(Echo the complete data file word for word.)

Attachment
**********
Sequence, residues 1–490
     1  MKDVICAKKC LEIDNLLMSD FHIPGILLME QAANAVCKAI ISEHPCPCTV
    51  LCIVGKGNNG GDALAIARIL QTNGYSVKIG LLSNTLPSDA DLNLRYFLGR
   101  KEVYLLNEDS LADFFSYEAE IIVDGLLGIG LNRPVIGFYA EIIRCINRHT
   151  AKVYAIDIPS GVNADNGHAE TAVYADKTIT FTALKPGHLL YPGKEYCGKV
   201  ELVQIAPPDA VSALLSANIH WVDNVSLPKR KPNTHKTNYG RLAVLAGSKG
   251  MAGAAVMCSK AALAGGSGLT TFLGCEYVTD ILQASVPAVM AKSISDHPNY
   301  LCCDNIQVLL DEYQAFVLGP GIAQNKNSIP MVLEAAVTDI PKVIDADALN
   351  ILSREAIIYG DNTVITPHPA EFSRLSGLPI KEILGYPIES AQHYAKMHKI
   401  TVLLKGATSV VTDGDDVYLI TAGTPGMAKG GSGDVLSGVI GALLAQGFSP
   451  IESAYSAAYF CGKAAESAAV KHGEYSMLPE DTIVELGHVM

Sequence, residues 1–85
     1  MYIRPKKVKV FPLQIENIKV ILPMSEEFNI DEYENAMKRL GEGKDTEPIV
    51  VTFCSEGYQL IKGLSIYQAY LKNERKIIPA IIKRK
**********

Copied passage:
Sequence, residues 1–490
     1  MKDVICAKKC LEIDNLLMSD FHIPGILLME QAANAVCKAI ISEHPCPCTV
    51  LCIVGKGNNG GDALAIARIL QTNGYSVKIG LLSNTLPSDA DLNLRYFLGR
   101  KEVYLLNEDS LADFFSYEAE IIVDGLLGIG LNRPVIGFYA EIIRCINRHT
   151  AKVYAIDIPS GVNADNGHAE TAVYADKTIT FTALKPGHLL YPGKEYCGKV
   201  ELVQIAPPDA VSALLSANIH WVDNVSLPKR KPNTHKTNYG RLAVLAGSKG
   251  MAGAAVMCSK AALAGGSGLT TFLGCEYVTD ILQASVPAVM AKSISDHPNY
   301  LCCDNIQVLL DEYQAFVLGP GIAQNKNSIP MVLEAAVTDI PKVIDADALN
   351  ILSREAIIYG DNTVITPHPA EFSRLSGLPI KEILGYPIES AQHYAKMHKI
   401  TVLLKGATSV VTDGDDVYLI TAGTPGMAKG GSGDVLSGVI GALLAQGFSP
   451  IESAYSAAYF CGKAAESAAV KHGEYSMLPE DTIVELGHVM

Sequence, residues 1–85
     1  MYIRPKKVKV FPLQIENIKV ILPMSEEFNI DEYENAMKRL GEGKDTEPIV
    51  VTFCSEGYQL IKGLSIYQAY LKNERKIIPA IIKRK